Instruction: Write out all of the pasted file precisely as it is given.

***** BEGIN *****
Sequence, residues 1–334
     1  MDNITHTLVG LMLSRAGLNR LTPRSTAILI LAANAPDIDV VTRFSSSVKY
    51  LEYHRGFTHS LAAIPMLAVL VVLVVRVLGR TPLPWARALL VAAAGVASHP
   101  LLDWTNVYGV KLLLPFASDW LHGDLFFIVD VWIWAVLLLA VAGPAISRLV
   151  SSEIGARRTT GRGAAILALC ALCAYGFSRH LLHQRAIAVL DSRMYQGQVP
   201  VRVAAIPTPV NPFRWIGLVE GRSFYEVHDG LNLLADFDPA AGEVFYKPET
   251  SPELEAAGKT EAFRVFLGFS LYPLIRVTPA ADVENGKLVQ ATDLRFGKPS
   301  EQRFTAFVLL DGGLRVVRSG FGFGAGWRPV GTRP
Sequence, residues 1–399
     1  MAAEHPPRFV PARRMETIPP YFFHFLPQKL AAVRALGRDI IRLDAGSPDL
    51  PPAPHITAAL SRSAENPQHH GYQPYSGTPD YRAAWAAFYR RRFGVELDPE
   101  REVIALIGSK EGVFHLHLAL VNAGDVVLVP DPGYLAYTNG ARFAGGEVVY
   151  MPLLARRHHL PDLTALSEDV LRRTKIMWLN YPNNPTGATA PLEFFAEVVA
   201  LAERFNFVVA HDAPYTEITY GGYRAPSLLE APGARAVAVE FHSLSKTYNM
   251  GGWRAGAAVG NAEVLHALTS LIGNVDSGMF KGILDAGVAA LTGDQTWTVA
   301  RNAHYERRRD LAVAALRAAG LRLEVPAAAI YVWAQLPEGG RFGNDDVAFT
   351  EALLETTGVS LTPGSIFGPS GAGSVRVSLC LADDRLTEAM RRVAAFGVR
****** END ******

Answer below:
Sequence, residues 1–334
     1  MDNITHTLVG LMLSRAGLNR LTPRSTAILI LAANAPDIDV VTRFSSSVKY
    51  LEYHRGFTHS LAAIPMLAVL VVLVVRVLGR TPLPWARALL VAAAGVASHP
   101  LLDWTNVYGV KLLLPFASDW LHGDLFFIVD VWIWAVLLLA VAGPAISRLV
   151  SSEIGARRTT GRGAAILALC ALCAYGFSRH LLHQRAIAVL DSRMYQGQVP
   201  VRVAAIPTPV NPFRWIGLVE GRSFYEVHDG LNLLADFDPA AGEVFYKPET
   251  SPELEAAGKT EAFRVFLGFS LYPLIRVTPA ADVENGKLVQ ATDLRFGKPS
   301  EQRFTAFVLL DGGLRVVRSG FGFGAGWRPV GTRP
Sequence, residues 1–399
     1  MAAEHPPRFV PARRMETIPP YFFHFLPQKL AAVRALGRDI IRLDAGSPDL
    51  PPAPHITAAL SRSAENPQHH GYQPYSGTPD YRAAWAAFYR RRFGVELDPE
   101  REVIALIGSK EGVFHLHLAL VNAGDVVLVP DPGYLAYTNG ARFAGGEVVY
   151  MPLLARRHHL PDLTALSEDV LRRTKIMWLN YPNNPTGATA PLEFFAEVVA
   201  LAERFNFVVA HDAPYTEITY GGYRAPSLLE APGARAVAVE FHSLSKTYNM
   251  GGWRAGAAVG NAEVLHALTS LIGNVDSGMF KGILDAGVAA LTGDQTWTVA
   301  RNAHYERRRD LAVAALRAAG LRLEVPAAAI YVWAQLPEGG RFGNDDVAFT
   351  EALLETTGVS LTPGSIFGPS GAGSVRVSLC LADDRLTEAM RRVAAFGVR